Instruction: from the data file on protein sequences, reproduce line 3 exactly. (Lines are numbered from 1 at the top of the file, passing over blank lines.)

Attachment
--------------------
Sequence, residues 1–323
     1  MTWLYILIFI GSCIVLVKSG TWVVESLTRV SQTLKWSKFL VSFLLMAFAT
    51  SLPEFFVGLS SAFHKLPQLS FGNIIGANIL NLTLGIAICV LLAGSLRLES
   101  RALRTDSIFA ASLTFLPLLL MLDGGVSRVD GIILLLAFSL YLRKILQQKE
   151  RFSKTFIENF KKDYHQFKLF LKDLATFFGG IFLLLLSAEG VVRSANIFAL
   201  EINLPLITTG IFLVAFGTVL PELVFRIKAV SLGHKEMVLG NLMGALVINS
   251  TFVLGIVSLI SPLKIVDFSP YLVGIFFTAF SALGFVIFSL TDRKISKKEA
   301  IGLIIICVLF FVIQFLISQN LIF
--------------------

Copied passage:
    51  SLPEFFVGLS SAFHKLPQLS FGNIIGANIL NLTLGIAICV LLAGSLRLES